“The human spirit is stronger than anything that can happen to it.” ~ C.C. Scott
The weather in the Bay Area has been rainy and windy and cold which makes it miserable to spend any amount of time outdoors. So, why not make the best of it and watch movies? Brian and I don’t visit the theaters very often but since so many films make it to Pay-Per-View so quickly now, we get to watch them in the comfort of our home on our big, flat screen TV. Popcorn and pots of tea abound as we find entertainment in our living room.
We rented The Descendants this weekend, starring handsome (and somewhat serious) George Clooney. I don’t think I have seen Clooney in a film lately where he actually smiles or laughs. He seems to take very intense and serious roles after his comedy stints with the Cohen Brothers and The Ocean Eleven films. It’s too bad, as he has such a wonderful smile. Debonair George – a modern day Cary Grant, in my opinion!
The Descendants has an intriguing plot. Clooney plays Matt King, a real-estate attorney living on the island of Oahu, Hawaii and a descendent of an extended Hawaiian family. He is now the sole trustee of a big chunk of very valuable land on the island of Kauai and the whole family of cousins is depending on him to agree to sell off the land to make them all rich. But Matt has more pressing things on his mind. His wife, Elizabeth (Patricia Hastle) lay in coma on life-support in a hospital bed as the result of a devastating boating accident. Matt is now trying to deal with the possibility of losing Elizabeth and being a single parent to two challenging daughters, with whom he has no true relationship. He was the father who was always working – away on business – and doesn’t have a clue as how to deal with 10-year old Scottie (Amara Miller) and 17-year old Alex (Shailene Woodley). Woodley gives a flawless performance as the troubled and rebellious teenager who pretends to hate everything about her parents. We get to watch her flourish and mature as she realizes and understands where she fits into the whole family dynamic. Both girls have their own issues and dad has to figure out how to keep them on the right track while working full-time, arranging the big land deal and preparing himself for the worst with his wife’s deteriorating condition.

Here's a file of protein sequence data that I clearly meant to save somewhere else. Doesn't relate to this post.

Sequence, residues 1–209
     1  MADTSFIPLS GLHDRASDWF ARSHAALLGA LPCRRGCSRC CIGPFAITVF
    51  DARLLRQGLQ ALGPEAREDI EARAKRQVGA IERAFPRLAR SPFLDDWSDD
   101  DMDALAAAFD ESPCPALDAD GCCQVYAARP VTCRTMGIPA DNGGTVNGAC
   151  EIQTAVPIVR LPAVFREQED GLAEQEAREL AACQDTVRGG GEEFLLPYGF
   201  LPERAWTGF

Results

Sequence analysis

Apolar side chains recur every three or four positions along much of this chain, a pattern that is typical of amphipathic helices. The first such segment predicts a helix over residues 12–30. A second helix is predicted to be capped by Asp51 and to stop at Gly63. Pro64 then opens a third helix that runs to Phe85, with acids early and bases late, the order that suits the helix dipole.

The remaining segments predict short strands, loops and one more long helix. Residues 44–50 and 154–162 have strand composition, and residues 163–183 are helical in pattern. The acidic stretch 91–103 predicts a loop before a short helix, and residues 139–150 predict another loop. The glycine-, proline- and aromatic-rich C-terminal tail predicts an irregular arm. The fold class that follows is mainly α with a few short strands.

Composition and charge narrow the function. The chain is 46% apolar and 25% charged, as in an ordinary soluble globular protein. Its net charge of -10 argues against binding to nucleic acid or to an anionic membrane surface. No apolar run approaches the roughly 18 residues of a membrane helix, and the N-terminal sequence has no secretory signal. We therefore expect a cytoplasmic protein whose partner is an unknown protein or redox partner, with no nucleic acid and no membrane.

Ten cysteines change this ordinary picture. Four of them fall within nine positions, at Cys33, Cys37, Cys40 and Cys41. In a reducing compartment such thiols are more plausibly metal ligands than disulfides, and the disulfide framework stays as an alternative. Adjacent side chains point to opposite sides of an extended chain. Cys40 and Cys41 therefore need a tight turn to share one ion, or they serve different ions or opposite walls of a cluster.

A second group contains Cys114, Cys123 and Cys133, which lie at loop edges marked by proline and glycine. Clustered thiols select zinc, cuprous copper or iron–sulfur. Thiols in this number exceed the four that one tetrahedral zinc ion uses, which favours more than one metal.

Then there is another complication. Matt discovers that his now brain-dead wife was cheating on him with some real estate dude on Kauai and he sets out to find the guy and confront him or just satisfy his curiosity? There is some humor thrown in here when Matt starts to bond with the snarky and challenging older daughter, Alex, as they join forces in search of the “other man”. Matt always seems to be pretty composed on the outside but we do get glimpses of the torment inside and Clooney’s performance is incredibly believable as a man just teetering on the edge.
One of the highlights of this movie is Alex’s friend, Sid, played to a tee by Nick Krause, as the laid- back dude-of-a-boyfriend who accompanies them on their visits to the grandparents’ house, the hospital and their trips to Kauai to stalk Elizabeth’s secret lover. At first you might think Sid is just a wise-ass kind of kid but it turns out that he is a sympathetic and likable character who loyally sticks with Matt and the girls throughout all their trials and tribulations and manages to hold his own while helping to keep the peace between the King family members.
The movie has some slow spots and isn’t perfect, but through Alexander Payne’s (Sideways) insightful direction, we get to see these ordinary people dealing with extraordinary circumstances in a very realistic manner. He manages to establish the disposition of his characters very early on and unfolds their fragile, complex layers of vulnerability and sorrow as the story progresses. It makes us feel as if we, too, are going along on their emotional ride.
Movie Review by Liz Berry Wagner